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Our History

 

The History Of WilmetteTrinity United Methodist Church

 

It all began in 1874, when the “First Methodist Church” – the oldest church in Ouilmette – was formally organized. For only $180 annually the Methodists were able to rent the narrow frame building that had been used for worship by several religious groups.
 

  • Membership in 1874: 23
  • Sunday School enrollment in 1874: 103
  • Salary of the first pastor, Samuel Lathrop: $350
 

The pastor lived wherever he could find a room in the settlement. Men of the congregation kept the furnace fires burning in the winter and shoveled snow from the wooden sidewalks. In the summer, when heavy rains floated the walks down the muddy roads, the congregation hauled them back into place.
Prayer meetings were held on Wednesday nights, and parishioners walked to the church through the woods, lighting their way with lanterns. News of church activities was posted on an Indian trail tree nearby.

In 1885 the pastor, R.W. Bland, reported: “While the year has been encouraging, we had no deaths, no weddings, no additions, no complaints.”

Soon after the turn of the century, the congregation had grown to over 200 members, and the beloved old frame church was no longer adequate. A rounded, salmon-colored brick building was erected on the same site and was dedicated in 1909. The present Broadway United Methodist Church in Chicago contributed $1,000 toward the construction. The name of the church was changed at that time to the Wilmette Parish Methodist Church.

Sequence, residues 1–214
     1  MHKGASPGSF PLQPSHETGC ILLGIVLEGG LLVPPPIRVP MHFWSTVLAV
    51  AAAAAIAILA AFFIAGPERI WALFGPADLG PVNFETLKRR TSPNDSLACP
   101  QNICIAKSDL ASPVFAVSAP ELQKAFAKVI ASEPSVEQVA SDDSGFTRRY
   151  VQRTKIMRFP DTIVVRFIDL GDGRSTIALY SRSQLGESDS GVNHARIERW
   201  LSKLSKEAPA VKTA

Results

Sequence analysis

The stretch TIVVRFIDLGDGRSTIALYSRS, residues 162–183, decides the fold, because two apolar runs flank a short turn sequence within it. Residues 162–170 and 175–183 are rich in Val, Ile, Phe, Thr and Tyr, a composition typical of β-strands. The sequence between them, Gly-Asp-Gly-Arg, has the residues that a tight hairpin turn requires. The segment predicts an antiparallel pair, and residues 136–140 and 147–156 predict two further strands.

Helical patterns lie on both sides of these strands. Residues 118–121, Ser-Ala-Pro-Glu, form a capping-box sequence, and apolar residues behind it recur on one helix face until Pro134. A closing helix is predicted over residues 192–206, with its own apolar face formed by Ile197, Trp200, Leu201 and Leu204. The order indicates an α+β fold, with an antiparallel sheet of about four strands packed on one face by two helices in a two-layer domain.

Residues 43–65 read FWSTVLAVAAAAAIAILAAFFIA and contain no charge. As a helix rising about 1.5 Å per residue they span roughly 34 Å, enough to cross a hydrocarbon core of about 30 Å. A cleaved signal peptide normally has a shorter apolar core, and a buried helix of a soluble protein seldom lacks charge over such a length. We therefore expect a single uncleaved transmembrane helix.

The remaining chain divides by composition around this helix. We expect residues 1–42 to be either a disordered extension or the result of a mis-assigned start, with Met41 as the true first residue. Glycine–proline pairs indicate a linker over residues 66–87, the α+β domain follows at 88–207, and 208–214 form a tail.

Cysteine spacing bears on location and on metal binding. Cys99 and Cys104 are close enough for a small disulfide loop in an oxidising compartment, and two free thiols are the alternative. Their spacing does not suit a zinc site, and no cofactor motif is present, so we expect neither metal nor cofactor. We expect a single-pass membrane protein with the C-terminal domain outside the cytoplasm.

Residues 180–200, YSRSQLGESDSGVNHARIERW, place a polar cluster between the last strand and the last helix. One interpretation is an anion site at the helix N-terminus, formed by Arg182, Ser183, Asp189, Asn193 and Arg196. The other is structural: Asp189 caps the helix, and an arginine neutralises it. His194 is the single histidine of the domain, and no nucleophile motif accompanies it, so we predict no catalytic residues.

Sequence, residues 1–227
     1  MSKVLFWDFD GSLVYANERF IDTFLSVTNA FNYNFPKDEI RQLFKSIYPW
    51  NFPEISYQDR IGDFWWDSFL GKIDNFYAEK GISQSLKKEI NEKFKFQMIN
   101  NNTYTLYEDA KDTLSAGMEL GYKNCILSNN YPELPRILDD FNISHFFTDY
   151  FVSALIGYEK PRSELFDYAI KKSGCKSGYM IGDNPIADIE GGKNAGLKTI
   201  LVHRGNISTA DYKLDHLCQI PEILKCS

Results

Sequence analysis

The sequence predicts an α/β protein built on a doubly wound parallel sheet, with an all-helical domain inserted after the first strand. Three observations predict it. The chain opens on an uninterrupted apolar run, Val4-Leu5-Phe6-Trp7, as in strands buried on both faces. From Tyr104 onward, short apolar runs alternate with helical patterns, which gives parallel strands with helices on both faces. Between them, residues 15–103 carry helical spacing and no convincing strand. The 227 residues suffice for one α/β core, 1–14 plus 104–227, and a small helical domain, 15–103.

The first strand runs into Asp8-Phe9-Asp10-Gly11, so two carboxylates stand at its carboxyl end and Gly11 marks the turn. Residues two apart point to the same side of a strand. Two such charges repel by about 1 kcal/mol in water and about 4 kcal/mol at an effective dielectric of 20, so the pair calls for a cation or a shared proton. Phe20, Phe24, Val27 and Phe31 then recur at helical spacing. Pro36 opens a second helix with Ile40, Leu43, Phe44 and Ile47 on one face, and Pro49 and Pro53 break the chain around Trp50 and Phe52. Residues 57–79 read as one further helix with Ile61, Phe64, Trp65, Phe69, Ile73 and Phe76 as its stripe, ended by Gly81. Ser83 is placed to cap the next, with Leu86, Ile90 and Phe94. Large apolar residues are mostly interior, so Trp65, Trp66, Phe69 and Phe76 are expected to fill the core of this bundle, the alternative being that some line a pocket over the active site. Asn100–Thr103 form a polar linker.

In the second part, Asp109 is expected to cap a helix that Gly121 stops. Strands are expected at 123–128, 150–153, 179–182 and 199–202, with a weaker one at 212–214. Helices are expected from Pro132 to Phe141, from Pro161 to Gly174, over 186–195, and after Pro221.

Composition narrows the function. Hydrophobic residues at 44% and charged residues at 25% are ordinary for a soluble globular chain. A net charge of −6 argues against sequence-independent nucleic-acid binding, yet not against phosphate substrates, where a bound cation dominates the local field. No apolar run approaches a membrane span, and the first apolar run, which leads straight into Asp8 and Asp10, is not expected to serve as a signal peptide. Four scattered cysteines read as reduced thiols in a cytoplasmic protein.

A bold decision was made in 1927. With a membership approaching 800 and church school enrollment of more than 500, church leaders voted to build a new church in the style of an English Gothic cathedral. Completed in 1930, the building was magnificent and inspiring. The Depression, however, ruined the church’s financial program and left members wondering each week, “Will this be the last Sunday we can worship here?” With unwavering faith and tireless work, members pulled together to pay off the mortgage over the next 20 years.

Stained glass windows, gifts of members and friends, replaced the plain glass windows in the early 1950s. During the 1960s membership approached 2,000, with the Tri Mu youth group becoming known through the area for its vital ministry. Ten of our teenagers experienced God’s call to attend seminary, so that they could become church leaders and pastors.